Developing a risk profile allows firms to assess and quantify the risks their infrastructure faces and identify the resources and security budget necessary to address them.
With a risk profile firms can implement proactive policies to mitigate these risks, reducing possible threats.
According to a study carried out by Gartner in 2019 and cited by the Wall Street Journal, 95% of data leaks in the cloud are caused by human errors, such as configuration errors in access policies, outdated systems or even architecture design flaws.
Cloud security adheres to a principle of shared responsibility. Although public cloud providers provide a certain level of security, it is the responsibility of each customer to secure their documents, communications, and servers.
Eliminating security threats caused by human error requires taking certain steps. A training policy is recommended so that each member of the team knows how to manage and implement security measures and avoid the most typical errors that could put the firm’s infrastructure at risk. Having an in-house team of well-trained specialists will also reduce the risk of errors and internal threats.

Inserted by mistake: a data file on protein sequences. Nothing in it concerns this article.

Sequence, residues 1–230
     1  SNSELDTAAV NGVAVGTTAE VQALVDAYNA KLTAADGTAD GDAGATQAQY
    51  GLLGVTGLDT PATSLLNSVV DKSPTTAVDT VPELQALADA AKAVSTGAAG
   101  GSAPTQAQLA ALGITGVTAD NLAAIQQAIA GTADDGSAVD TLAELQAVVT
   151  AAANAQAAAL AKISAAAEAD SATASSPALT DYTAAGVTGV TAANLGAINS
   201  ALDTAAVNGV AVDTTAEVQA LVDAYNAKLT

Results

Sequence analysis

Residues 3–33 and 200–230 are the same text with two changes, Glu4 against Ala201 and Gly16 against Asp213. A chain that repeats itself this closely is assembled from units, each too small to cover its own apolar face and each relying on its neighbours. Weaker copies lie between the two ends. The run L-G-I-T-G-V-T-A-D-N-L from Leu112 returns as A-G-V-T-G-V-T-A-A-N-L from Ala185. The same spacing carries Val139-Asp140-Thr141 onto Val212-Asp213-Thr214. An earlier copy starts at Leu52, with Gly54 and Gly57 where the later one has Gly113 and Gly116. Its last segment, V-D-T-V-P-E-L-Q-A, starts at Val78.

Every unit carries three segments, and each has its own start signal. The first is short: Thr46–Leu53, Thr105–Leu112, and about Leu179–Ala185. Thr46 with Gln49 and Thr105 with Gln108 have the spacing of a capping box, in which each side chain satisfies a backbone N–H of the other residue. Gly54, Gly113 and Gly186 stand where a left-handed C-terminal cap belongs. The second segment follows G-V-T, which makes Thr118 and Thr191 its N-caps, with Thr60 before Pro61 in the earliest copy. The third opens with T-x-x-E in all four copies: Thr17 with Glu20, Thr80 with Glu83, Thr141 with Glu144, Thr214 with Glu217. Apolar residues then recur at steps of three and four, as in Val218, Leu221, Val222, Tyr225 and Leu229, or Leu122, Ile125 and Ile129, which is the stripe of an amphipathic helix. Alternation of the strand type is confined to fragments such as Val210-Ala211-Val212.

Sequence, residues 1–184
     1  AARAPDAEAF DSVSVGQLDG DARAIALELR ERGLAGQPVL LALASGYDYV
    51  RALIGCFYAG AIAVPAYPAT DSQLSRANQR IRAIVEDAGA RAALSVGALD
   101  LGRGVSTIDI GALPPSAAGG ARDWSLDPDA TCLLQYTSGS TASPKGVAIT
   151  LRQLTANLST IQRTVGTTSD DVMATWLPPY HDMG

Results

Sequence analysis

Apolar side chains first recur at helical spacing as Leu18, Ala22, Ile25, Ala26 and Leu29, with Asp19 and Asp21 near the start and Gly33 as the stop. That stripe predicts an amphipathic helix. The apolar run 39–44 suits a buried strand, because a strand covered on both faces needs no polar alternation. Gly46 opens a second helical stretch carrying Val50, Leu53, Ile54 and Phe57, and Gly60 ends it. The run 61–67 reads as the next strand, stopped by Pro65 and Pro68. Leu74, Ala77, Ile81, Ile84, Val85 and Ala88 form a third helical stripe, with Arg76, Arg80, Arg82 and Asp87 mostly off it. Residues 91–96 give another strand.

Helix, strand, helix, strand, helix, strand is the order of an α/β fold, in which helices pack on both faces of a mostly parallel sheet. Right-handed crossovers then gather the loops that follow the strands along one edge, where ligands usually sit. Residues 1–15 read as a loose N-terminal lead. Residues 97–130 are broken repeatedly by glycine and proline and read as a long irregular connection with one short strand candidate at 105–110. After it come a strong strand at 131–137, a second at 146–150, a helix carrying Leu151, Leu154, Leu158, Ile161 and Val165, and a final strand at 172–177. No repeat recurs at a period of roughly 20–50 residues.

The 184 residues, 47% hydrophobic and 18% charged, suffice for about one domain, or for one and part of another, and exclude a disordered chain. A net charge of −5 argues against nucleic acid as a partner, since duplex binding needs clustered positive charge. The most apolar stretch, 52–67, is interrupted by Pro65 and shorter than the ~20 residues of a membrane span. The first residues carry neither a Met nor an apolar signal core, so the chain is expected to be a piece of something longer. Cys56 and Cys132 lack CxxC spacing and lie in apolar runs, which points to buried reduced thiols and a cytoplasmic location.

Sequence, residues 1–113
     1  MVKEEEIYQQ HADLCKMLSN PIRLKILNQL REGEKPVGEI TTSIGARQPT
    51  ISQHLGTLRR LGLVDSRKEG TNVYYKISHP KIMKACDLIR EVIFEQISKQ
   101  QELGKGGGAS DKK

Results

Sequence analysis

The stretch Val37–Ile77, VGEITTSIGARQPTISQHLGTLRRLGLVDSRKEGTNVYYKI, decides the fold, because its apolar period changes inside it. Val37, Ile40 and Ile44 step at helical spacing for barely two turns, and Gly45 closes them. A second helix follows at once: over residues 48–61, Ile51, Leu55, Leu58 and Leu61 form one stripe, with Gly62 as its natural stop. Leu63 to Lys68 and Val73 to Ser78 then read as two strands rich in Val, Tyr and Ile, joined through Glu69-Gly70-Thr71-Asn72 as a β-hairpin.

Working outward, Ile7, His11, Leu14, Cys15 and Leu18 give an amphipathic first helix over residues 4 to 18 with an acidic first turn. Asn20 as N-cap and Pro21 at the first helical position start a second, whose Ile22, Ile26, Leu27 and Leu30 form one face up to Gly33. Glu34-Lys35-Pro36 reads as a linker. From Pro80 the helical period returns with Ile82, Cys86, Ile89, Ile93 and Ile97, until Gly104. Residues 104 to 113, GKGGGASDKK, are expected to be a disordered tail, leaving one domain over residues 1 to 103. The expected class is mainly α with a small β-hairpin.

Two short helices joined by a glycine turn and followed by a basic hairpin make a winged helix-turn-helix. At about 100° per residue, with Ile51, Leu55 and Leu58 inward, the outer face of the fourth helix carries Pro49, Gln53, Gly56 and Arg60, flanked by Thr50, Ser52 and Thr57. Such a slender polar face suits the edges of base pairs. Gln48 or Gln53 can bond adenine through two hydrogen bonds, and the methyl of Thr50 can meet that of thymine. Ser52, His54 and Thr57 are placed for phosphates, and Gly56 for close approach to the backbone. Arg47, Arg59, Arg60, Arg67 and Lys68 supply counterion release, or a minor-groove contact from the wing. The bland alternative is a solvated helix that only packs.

Another key challenge in hybrid infrastructures is data protection. The transfer of data between the private cloud or on-premises computers and the infrastructure in one or more public clouds is a potential risk, especially if open connections are used. In such cases, the best thing to do is to use an interconnection service with public clouds that provides a secure, direct, private and reliable connectivity, avoiding the public internet.
Keeping data encrypted is also necessary to ensure its security, both while it is hosted and when it is transmitted. This may mean having to decide whether to sacrifice a degree of performance for the benefit of security.
In any case, for security and regulatory compliance reasons, the most critical data should be located in the private part of the infrastructure, either on an IaaS platform or on-premise servers, thus solving any issue related to the legal location of the data.
Cybersecurity best practices in hybrid infrastructures